setDefaultEndian    <- uses system's method

Feb 03 2002
next sibling parent reply "Brian Bober" <netdemonz yahoo.com> writes:
I agree with you that its not required, but it wouldn't hurt to put it in.
There might be some
strange reason someone wants it. Saying no one will is kind of like
saying that no one would need more than 1MB of ram 20 years ago.

I do like your idea for the structures. Do you think a special keyword on
structs and integers
would work?

"D" <s_nudds hotmail.com> wrote in message
news:a3ldt4$nel$1 digitaldaemon.com...
 Default Endian isn't explicitly required.

 Endian conversions have value only for I/O.  And I/O is closely associated
 with the passing of structures between machines.

 As a result endian specifications should be a character of structures

 than simple variables.

 I suggest that a special class of IO structure be created which is

 specifically for information sharing.  Operations on such structures could
 be restricted to simple assignment so that unnecessary endian conversions
 can be avoided.  The programmer would be forced to complete a compatible
 structure,  then perform an explicit assignment to the I/O structure

 it is output.

 This would also provide the opportunity for the compiler to perform other
 byte alignment operations. as needed.


 Another idea I had when talking to someone on Mozilla irc was that
 endianness should be explicit. You should tell the compiler which

 you use and that is kept in mind by the compiler. There would be 3

 setBigEndian
 setLittleEndian
 setDefaultEndian    <- uses system's method


Feb 04 2002
parent "D" <s_nudds hotmail.com> writes:
DefaultEndian is the default by definition.  The only way I could see it
being used is if the language assigned numeric values to the types for the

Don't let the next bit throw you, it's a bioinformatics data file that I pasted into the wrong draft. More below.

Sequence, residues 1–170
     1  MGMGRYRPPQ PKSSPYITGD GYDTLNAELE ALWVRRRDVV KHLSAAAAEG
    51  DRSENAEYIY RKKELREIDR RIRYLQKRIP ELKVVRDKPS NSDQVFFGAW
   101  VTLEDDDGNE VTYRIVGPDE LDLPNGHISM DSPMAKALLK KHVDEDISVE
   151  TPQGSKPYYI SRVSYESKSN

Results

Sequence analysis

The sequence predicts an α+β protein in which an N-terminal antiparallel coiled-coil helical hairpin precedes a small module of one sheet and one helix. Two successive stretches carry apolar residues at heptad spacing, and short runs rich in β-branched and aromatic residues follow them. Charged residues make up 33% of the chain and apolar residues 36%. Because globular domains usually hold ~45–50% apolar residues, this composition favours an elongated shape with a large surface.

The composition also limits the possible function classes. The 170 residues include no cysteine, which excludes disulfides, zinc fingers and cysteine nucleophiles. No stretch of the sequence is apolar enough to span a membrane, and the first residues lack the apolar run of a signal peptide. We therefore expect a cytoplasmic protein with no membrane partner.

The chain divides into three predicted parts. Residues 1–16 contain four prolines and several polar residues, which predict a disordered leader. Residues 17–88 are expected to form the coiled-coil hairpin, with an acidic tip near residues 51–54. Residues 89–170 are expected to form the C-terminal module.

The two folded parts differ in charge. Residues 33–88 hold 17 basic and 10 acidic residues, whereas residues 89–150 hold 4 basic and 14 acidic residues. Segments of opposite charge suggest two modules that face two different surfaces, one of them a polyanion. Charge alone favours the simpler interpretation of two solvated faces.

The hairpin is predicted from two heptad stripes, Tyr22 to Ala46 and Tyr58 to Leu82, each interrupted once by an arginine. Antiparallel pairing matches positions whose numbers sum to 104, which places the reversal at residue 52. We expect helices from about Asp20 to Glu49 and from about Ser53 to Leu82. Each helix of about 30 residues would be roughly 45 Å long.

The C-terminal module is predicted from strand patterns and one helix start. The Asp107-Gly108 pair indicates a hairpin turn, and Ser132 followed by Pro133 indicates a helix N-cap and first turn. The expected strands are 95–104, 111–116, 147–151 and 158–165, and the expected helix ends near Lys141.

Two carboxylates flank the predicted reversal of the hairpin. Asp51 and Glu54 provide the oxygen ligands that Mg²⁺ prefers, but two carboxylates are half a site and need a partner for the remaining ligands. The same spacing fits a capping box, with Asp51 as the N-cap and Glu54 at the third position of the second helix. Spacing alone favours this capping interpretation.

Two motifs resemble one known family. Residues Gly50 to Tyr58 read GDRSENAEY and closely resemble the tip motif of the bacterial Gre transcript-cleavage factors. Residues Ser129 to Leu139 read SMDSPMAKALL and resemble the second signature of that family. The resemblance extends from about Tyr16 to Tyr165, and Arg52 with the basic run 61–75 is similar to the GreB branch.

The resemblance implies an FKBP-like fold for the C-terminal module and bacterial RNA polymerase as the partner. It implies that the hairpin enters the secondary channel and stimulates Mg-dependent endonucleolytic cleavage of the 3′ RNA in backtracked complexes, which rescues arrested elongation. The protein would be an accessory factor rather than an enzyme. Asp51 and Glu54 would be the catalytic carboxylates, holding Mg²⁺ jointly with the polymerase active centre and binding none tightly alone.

purpose of run time type checking.  The kind that's used for Varints.

In that case you would have

If DefaultEndian = bigEndian then....

I say restrict the endian types to structures, and not to simple variables
at all, or any complex type that permits element by element assignment.

Further, there should be two classes of endienness.  EndianByte and
EndianBit.




Brian Bober <netdemonz yahoo.com> wrote in message
news:a3lg5l$qg4$1 digitaldaemon.com...
 I agree with you that its not required, but it wouldn't hurt to put it in.
 There might be some
 strange reason someone wants it. Saying no one will is kind of like
 saying that no one would need more than 1MB of ram 20 years ago.

 I do like your idea for the structures. Do you think a special keyword on
 structs and integers
 would work?

Feb 04 2002
prev sibling parent reply "Pavel Minayev" <evilone omen.ru> writes:
"D" <s_nudds hotmail.com> wrote in message
news:a3ldt4$nel$1 digitaldaemon.com...
 Default Endian isn't explicitly required.

 Endian conversions have value only for I/O.  And I/O is closely associated
 with the passing of structures between machines.

For file (and general stream) I/O, I'll add conversion functions to my Stream class. It'd work like this: File file; ... file.writeBE(666); // big-endian file.writeLE(666); // lil-endian
Feb 04 2002
parent reply "Walter" <walter digitalmars.com> writes:
"Pavel Minayev" <evilone omen.ru> wrote in message
news:a3lk7q$sfb$1 digitaldaemon.com...
 "D" <s_nudds hotmail.com> wrote in message
 news:a3ldt4$nel$1 digitaldaemon.com...
 Default Endian isn't explicitly required.

 Endian conversions have value only for I/O.  And I/O is closely